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Launching Project F.A.R.E.

University of Pennsylvania Museum section cut-through of the new mechanical room and support spaces that will go beneath the Museum's Warden Garden. 

Digging has become a familiar occurrence--and not by the Museum's archaeologists--at the University of Pennsylvania Museum of Archaeology and Anthropology (UPM). Almost five months to the day after opening the new Mainwaring Wing for collections storage and study and the new Stoner Courtyard and garden (Almanac April 30, 2002), UPM is once again breaking ground on a long-awaited, multi-million dollar Museum project that will ultimately provide air-conditioning, electrical and mechanical upgrades, a restored upper courtyard (Warden Garden), and new and renovated laboratories in the century-old building.

A ground-breaking ceremony for Phase One (a $10 million phase) of project F.A.R.E.--the Museum's Future Air-conditioning, Renovation, and Expansion Project--took place on October 3, in the Museum's Warden Garden. Attendees included President Judith Rodin, Museum Director Dr. Jeremy A. Sabloff, City Councilwoman Jannie Blackwell, Museum staff and members of the Museum's Board of Overseers, including Dr. Charles K. Williams, II, whose $16 million leadership contribution to the Museum's ongoing $55 million Campaign for the 21st Century, made the first phase of this project possible.

Project F.A.R.E. plans call for the temporary excavation of the garden, and the reflecting pool, to make room for a massive underground mechanical and electrical equipment room. The new, 8,000 square foot room will house the air handling unit that will serve the oldest (1899) section of the building, and a new electrical switchgear which will ultimately serve the balance of the Museum complex (with the exception of the new Mainwaring Wing). In addition, the Museum will be connected to the University's campus-wide chilled water loop.

Besides creating the space for updated air and electrical service, Phase One of the project will also construct significant new shell space under the courtyard and surrounding the equipment room. That space, to be completed in subsequent phases as funding is secured, will ultimately provide the Museum with improved scientific laboratories, archival and office spaces, and public spaces.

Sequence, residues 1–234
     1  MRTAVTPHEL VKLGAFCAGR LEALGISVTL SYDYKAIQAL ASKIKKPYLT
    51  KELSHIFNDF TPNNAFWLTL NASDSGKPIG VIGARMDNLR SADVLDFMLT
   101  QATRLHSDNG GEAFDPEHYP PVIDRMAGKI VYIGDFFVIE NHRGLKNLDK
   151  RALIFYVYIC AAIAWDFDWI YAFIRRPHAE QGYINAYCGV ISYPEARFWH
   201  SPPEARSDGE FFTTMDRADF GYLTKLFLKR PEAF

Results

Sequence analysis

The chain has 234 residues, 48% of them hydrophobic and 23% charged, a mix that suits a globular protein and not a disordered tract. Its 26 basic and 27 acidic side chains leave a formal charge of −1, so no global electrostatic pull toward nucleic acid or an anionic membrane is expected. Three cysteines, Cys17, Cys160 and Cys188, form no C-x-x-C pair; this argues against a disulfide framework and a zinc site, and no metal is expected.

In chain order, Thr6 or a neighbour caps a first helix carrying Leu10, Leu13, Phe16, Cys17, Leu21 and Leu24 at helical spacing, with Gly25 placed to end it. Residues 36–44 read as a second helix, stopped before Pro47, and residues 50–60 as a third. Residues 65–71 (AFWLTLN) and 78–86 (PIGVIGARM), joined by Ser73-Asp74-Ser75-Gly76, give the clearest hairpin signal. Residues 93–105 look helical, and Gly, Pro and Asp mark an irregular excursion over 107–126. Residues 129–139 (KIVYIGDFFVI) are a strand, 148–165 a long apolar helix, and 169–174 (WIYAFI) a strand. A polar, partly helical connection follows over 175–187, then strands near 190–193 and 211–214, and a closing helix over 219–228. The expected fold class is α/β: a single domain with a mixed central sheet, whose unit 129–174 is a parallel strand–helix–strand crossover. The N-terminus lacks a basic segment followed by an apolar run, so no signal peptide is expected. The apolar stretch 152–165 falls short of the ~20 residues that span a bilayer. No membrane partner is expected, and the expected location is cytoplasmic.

Phase One, projected to take 18 months, will be completed when the reflecting pool and Warden Garden courtyard are restored. Landscapers will refresh the 103-year-old garden space--long a favorite of Museum visitors--taking their cue from the original plans of the Museum's principal first architect, Wilson Eyre.

The F.A.R.E. project will be managed by Penn's Facilities Services department. The design team is led by Marvin Waxman Consulting Engineers, Inc. They performed the feasibility study several years ago that led up to the initiation of this project. They are joined by Dagit/Saylor Architects, Keast & Hood Co. and Mulhern Consulting Engineers and Associates. Hillspring Landscape Architecture in conjunction with Christopher Allen/Julie Regnier rounds out the team.

"The University of Pennsylvania Museum building is an architectural treasure that stands out in a city of architectural treasures," said Dr. Sabloff, the Williams Director. "Its age, however, and the sheer monumentality of its design, often make it a challenge to maintain. With this first phase of Project F.A.R.E.--a major, complex project that is expected to take ten years to complete--we begin creatively meeting the challenge, and the opportunity, to make our grand but aging Victorian-era building an asset to researchers and the public alike."

"The air-conditioning and renovation project of the Museum is a welcome and essential step for the Museum's multiple audiences and the University community," said Dr. Rodin. "The University and the Museum have always been fortunate to have leaders like Charles Williams with the foresight, and the generosity, to help make our finest visions realities."

"It is most certainly inspiring to see this project begin," said Mr. John C. Hover, II, Chairman of the Museum's Board of Overseers. "Dr. Williams, who is Chairman of the new Campaign for the 21st Century, and I have been proud to serve on the Museum's Board of Overseers. We have ambitious plans for this Museum, plans that will have wide-reaching, lasting benefit through research, education, and beauty--the beauty and grandeur that is the University of Pennsylvania Museum and its extraordinary collections."

To date the Museum has raised more than $31 million towards its five-year, $55 million Campaign for the 21st Century, which began in the spring of 2000. Funds from the campaign will go towards the F.A.R.E. facilities upgrade project, estimated to cost more than $30 million over ten years, as well as UPM research and field projects, collections, and public outreach. For more information about the Campaign, contact Suzanne Becker, director of UPM development, at (215) 898-4031, or by e-mail at beckers@


(From left to right) Mr. John C. Hover, II, UPM Board Chair; Museum Director Jeremy Sabloff; City Councilwoman Jannie Blackwell; President Judith Rodin, and donor Dr. Charles Williams, II, dutifully pick up shovels at Thursday's ceremonial groundbreaking for the Museum's dig of its own.  As President Rodin said, "to quote ConEd, ‘Dig We Must'" and so they did.

  Almanac, Vol. 49, No. 7, October 8, 2002